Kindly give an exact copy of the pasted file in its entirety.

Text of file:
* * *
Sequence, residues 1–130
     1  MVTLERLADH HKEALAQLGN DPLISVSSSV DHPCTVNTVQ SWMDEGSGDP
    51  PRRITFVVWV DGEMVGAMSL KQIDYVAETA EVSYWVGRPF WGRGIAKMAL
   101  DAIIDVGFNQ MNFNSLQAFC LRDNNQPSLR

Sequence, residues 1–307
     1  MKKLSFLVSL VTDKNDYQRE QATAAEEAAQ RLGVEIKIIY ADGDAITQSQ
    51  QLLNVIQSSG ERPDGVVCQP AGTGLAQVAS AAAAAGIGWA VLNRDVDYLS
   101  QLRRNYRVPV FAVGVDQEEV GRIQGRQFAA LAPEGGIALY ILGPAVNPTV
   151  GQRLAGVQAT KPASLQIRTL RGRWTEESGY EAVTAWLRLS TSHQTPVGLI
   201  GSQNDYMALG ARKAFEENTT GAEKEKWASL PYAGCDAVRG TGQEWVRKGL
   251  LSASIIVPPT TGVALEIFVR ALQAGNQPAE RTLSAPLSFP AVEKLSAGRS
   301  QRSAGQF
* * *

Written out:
Sequence, residues 1–130
     1  MVTLERLADH HKEALAQLGN DPLISVSSSV DHPCTVNTVQ SWMDEGSGDP
    51  PRRITFVVWV DGEMVGAMSL KQIDYVAETA EVSYWVGRPF WGRGIAKMAL
   101  DAIIDVGFNQ MNFNSLQAFC LRDNNQPSLR

Sequence, residues 1–307
     1  MKKLSFLVSL VTDKNDYQRE QATAAEEAAQ RLGVEIKIIY ADGDAITQSQ
    51  QLLNVIQSSG ERPDGVVCQP AGTGLAQVAS AAAAAGIGWA VLNRDVDYLS
   101  QLRRNYRVPV FAVGVDQEEV GRIQGRQFAA LAPEGGIALY ILGPAVNPTV
   151  GQRLAGVQAT KPASLQIRTL RGRWTEESGY EAVTAWLRLS TSHQTPVGLI
   201  GSQNDYMALG ARKAFEENTT GAEKEKWASL PYAGCDAVRG TGQEWVRKGL
   251  LSASIIVPPT TGVALEIFVR ALQAGNQPAE RTLSAPLSFP AVEKLSAGRS
   301  QRSAGQF